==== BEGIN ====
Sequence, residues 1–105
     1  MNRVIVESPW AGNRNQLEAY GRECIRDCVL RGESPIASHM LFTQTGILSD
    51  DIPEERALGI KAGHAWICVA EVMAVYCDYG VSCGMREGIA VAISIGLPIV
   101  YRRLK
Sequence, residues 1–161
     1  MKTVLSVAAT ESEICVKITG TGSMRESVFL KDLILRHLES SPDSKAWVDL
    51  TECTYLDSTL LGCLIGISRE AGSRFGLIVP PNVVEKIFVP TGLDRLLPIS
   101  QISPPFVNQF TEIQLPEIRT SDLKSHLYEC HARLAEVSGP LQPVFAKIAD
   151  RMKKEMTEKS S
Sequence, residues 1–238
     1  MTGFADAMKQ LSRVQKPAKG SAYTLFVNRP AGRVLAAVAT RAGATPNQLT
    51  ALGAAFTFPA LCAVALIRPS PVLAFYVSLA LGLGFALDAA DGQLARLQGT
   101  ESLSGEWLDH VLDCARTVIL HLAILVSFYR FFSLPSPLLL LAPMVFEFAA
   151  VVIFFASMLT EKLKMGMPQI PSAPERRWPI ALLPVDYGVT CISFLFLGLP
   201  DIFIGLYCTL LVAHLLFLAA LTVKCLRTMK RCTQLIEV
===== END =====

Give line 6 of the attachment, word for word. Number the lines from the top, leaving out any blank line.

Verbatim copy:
     1  MKTVLSVAAT ESEICVKITG TGSMRESVFL KDLILRHLES SPDSKAWVDL